Earlier this year, Facebook announced it was changing what people saw in their newsfeed to more heavily prioritize content from friends and family over that from Pages. As one might expect, engagement and reach for Pages, including artists and media/news, dropped dramatically. New results published from Buffer, the maker of a social media management platform, in partnership with BuzzSumo, a content reach measurement tool, paint a bleak picture for the future of sharing content on Facebook.
The study analyzed 43 million Facebook posts from the top 20,000 brands on the platform over the past seven months to come up with its findings. Since the change to the algorithm was announced, overall page engagement has dropped over 19%. However, the decline began long before this past January; according to Buffer and BuzzSumo’s findings, engagement has declined by more than 50% over the past 18 months.
The hardest hit, the study found, were artist Pages — which saw their average engagement fall by 70.6%. Media/news pages were third-most hit, with a 64% drop in engagement. The study found that in response to lower engagement, pages were also posting more, with a jump of 24% over the past 18 months.
This change in Facebook’s algorithm has led to a few outcomes: first, the growing popularity of artist fan groups. These are now, ironically, pushed harder by the algorithm than posts from the artist page, and so you’ve seen the rise of ILLENIALS, Excision’s Headbangers, 1788-L Drones, k?ds of k?d, The Cult Of Rezz, and so on.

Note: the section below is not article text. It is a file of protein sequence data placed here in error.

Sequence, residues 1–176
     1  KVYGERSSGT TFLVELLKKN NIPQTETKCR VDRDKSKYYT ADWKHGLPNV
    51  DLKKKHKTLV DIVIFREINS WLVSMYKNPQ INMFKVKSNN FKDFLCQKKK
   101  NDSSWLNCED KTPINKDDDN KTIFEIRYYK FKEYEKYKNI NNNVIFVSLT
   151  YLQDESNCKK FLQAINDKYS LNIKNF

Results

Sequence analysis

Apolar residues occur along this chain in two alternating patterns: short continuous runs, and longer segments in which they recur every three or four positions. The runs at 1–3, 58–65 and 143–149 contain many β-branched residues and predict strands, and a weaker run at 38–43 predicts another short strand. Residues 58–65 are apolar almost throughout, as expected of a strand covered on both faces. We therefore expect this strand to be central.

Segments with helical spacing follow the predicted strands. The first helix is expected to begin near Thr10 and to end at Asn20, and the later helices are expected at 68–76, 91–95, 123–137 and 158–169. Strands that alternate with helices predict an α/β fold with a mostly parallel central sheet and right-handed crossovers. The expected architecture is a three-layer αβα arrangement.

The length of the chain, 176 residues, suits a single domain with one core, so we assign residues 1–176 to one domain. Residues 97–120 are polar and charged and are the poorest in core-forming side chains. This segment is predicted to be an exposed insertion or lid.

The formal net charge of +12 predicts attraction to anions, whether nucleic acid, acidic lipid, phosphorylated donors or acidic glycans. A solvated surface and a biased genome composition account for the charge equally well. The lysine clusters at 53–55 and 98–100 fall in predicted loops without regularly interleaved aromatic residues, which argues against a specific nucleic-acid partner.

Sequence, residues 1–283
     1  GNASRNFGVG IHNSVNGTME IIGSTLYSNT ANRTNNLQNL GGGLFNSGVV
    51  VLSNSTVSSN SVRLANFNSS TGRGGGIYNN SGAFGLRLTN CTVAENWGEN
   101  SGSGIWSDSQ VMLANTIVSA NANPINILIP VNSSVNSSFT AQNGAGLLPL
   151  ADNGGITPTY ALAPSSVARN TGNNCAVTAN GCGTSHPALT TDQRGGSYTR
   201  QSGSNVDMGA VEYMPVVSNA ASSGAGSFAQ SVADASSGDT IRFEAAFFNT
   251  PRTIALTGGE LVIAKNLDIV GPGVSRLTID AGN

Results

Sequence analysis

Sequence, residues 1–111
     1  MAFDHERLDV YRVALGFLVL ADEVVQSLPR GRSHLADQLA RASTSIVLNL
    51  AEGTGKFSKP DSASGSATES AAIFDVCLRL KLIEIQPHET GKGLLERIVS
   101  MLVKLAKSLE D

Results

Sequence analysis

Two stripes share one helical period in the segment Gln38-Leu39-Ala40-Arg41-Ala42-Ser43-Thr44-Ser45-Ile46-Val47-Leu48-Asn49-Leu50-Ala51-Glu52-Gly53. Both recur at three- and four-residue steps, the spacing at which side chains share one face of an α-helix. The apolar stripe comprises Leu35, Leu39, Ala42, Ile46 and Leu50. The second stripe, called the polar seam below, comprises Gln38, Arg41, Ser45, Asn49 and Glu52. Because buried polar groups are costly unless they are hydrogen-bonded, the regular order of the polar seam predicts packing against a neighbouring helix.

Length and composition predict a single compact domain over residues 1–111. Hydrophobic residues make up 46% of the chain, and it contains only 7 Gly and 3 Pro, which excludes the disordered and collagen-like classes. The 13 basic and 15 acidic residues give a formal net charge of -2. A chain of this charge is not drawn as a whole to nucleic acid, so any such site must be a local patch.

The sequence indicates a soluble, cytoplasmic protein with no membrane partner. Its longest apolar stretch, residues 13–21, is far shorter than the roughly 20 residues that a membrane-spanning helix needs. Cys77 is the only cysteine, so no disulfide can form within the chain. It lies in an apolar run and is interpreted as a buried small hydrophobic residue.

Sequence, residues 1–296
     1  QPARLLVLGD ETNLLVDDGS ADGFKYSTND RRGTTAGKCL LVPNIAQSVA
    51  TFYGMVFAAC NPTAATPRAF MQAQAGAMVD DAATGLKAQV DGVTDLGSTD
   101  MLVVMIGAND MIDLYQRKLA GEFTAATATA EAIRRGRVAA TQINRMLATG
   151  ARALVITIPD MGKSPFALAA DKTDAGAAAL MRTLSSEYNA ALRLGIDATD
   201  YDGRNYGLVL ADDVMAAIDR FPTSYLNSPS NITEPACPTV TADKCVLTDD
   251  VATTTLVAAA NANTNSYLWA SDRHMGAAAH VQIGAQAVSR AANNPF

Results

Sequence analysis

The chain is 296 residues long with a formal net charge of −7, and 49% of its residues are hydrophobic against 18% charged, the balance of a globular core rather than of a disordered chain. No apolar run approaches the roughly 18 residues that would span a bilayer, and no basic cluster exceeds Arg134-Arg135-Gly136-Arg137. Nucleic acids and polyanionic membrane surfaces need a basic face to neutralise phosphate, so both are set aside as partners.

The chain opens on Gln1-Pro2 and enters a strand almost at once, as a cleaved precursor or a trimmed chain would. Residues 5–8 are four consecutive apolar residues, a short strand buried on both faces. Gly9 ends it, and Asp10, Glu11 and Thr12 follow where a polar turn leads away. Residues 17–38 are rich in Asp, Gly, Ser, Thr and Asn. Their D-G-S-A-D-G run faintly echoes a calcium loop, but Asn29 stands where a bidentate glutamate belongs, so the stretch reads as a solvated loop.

Second, artists have been putting more emphasis on other platforms like Instagram and Twitter. However, this also presents an issue, as Instagram, owned by Facebook, is also constantly experimenting with new algorithms, making it hard for artists to focus on content while they figure out how their followers can even see what they post.
Twitter has been able to avoid any issues with engagement, but is now struggling with a decline in new users.
It seems that oversaturation and a proliferation of fake news on all social media outlets has triggered a sort of auto-immune response from these companies, which is just hurting its core users. However, much like how a fever is awful until it breaks, it’s entirely possible that we could see it return to some degree of normalcy. When that is remains to be seen.
Read the full results from the study here.